My dear friend Dylan Self (www.dylanself.tumblr.com) brought up an interesting thought the other day. What if you could read your life on Spark Notes? I’ve never been a big user of the website since I got caught plagiarizing in 8th grade, but I can bet my life is a tad bit more interesting than Lord of the Flies (though I’ll admit, there’s nowhere near as much cloudy Christian symbolism).
If you’re bored out of your mind, I will now present to you my Spark Notes!
TITLE: Tyler Tingey (117 vol.1/5)
- I Tyler, Being Born of Goodly Parents
- The Cul-de-sac
- The Fall of the Cul-de-sac
- Long Hair, and an Element T-shirt
- Post Moab (Tyler gets caught plagiarizing)
- Me Likes Choir
- Viva la Vida
PLOT SUMMARY: 117 vol.1/5 is the story of a boy who has changed very little in his first 17 years of existence. Tyler Tingey (protagonist) has a life based around supportive friends and family, and most of all- music. Tyler’s foundation comes from experiences and friendships made in his childhood. 117 vol.1/5 has been criticized by readers saying “Tyler should make more of an effort to be appealing to women”. Tyler often feels uncomfortable writing a plot summary on his life.
MAIN CHARACTER ANALYSIS: (in order of who Tyler has texted most recently)
Oliver Tingey- A constant main character in 117 vol.1/5. Tyler often thinks about things he can improve within himself so that he can be more like Oliver. Oliver is a leader among his social circle. He is looked up to for his responsibility, and feared for his cold exterior. Tyler and Oliver share a deep passion for choral music and it plays a big role in their friendship. Tyler spends more time with this character than any other character in the story. Many readers think it is because he values his company the most.
Spencer Tingey- Another constant main character throughout the story. The friendship between Spencer and Tyler is one of the most playful relationships in the story. Spencer is seen as someone with an enormous amount of humor and wit, as well as someone who is extremely knowledgeable about the universe and the dirty tricks it plays. Tyler often reflects on his friendship with Spencer and typically laughs to himself as he recalls how fun, valuable, and at times, serious their friendship is. Spencer is the most beneficial character in the story.
Dylan Self- Many readers of 117 vol.1/5 consider Dylan to be Tyler’s best friend. Dylan is introduced as a main character in the very beginning and continues to be a main character in the end. Dylan’s friendship with Tyler is one that is misunderstood by everyone except Dylan and Tyler. Every word they say to each other has a story behind it. One of the greatest bonds between Dylan and Tyler comes from their ability to make music together. Those who have studied 117 vol.1/5 believe that the reason Dylan and Tyler play their respective instruments together so well is due to the fact that they have the exact same childhood. Dylan struggles with homosexuality.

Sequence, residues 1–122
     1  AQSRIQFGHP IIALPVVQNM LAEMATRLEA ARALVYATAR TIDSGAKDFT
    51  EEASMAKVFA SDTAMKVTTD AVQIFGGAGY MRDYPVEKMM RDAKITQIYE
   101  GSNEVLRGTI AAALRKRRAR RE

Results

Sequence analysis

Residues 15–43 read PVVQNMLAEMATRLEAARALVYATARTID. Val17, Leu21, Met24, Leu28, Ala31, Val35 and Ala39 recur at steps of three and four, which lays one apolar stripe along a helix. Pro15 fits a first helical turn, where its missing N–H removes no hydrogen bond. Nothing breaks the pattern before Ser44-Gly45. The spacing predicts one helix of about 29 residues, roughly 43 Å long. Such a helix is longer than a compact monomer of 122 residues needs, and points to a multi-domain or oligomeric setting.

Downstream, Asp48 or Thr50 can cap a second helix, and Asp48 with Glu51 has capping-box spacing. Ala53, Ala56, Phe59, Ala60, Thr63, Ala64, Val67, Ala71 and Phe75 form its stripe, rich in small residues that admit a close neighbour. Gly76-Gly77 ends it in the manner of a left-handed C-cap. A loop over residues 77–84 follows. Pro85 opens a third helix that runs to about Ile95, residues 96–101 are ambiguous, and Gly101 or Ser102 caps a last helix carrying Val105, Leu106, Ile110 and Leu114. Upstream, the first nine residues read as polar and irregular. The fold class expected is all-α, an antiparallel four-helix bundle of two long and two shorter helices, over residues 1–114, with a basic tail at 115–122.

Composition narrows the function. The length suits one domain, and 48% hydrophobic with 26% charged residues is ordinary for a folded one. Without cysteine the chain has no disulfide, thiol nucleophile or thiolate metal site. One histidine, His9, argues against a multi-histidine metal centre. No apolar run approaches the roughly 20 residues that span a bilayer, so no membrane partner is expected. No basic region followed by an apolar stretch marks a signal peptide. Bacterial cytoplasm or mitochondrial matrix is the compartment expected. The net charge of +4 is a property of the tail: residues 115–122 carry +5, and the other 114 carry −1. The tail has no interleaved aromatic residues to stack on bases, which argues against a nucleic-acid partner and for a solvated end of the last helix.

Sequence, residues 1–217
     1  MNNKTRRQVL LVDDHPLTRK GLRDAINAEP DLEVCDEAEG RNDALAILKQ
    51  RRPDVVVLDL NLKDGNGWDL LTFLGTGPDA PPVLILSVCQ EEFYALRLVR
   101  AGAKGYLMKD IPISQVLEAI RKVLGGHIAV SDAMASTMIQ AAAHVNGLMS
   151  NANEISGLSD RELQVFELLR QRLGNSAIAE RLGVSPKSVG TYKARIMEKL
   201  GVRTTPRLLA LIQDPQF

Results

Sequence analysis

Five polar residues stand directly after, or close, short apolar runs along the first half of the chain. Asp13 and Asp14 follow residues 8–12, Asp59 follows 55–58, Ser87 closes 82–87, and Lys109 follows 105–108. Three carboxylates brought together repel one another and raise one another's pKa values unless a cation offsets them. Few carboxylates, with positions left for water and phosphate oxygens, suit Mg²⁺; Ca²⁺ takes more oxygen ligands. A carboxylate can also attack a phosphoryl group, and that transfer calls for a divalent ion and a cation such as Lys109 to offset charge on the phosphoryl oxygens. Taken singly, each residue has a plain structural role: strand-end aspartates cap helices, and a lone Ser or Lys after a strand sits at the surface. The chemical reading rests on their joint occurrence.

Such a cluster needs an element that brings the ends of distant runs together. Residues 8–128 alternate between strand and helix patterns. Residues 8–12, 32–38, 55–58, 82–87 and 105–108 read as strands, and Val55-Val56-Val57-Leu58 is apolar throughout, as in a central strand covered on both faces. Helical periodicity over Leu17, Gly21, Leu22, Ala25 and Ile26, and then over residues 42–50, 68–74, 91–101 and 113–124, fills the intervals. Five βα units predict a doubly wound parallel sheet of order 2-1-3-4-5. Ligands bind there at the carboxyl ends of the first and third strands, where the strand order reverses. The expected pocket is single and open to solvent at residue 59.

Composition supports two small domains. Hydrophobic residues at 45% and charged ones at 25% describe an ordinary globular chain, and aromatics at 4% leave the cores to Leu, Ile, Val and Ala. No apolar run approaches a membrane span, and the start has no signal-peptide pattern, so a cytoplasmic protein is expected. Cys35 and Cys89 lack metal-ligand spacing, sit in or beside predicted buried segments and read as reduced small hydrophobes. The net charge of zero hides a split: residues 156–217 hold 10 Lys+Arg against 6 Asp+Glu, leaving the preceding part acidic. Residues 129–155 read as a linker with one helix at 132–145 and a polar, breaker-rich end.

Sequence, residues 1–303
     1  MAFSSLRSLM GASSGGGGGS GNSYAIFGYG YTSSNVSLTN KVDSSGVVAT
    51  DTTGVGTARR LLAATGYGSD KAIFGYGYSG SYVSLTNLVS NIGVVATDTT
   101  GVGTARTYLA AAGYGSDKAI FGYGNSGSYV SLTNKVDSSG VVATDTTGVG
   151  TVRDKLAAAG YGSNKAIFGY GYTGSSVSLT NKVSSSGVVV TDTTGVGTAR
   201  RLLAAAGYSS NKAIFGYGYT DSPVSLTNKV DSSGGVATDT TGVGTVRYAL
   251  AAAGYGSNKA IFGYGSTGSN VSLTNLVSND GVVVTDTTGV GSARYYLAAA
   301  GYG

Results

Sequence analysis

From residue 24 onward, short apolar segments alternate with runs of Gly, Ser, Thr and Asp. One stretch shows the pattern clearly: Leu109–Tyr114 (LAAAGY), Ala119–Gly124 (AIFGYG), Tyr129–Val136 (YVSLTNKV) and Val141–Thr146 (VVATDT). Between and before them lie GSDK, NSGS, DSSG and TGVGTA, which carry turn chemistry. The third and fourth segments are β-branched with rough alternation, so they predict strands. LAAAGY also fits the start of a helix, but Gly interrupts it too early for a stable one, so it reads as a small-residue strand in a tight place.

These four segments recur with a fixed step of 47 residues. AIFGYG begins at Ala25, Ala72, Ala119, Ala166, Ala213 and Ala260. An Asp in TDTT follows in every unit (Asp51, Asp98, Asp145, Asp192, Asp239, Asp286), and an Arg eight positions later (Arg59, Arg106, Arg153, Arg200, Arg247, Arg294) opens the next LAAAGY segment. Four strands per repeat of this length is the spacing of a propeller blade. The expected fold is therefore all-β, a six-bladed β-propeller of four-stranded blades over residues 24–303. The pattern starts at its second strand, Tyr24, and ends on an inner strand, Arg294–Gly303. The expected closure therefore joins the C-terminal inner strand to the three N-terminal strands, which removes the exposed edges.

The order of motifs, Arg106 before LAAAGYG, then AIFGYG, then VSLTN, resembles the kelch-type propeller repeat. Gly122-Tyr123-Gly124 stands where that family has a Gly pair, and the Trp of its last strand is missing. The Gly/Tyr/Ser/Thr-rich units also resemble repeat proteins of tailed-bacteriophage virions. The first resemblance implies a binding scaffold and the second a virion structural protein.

Abby Tingey- Tyler’s friendship with Abby is considered by some to be the most essential friendship in the book. Tyler relies on Abby as someone that he can talk about everything and nothing to. Rumors of Tyler and Abby dating were popular among North America, but denied by the publishing company. When caught in the right mood, Tyler has been known to peg his friendship with Abby as “something [that] means the world to me”.
Jules Cruz- Jules is responsible for any ounce of personality or happiness in Tyler’s life. Although his character isn’t introduced till the chapter “Me Likes Choir”, Jules still plays a very vital role in the story. Jules brings light and life to the book, which has resulted in one of the most valuable relationships that Tyler has. Jules also struggles with homosexuality.
IMPORTANT QUOTATIONS: “Summer is burning me” -Spencer Tingey, as he puts on his seatbelt after church.
Those that know me well can tell you that I’m an avid Muse fan. I was looking at the track listing to their album Black Holes and Revelations and realized all of the song names imply really bad movie plots. Here’s some that I came up with…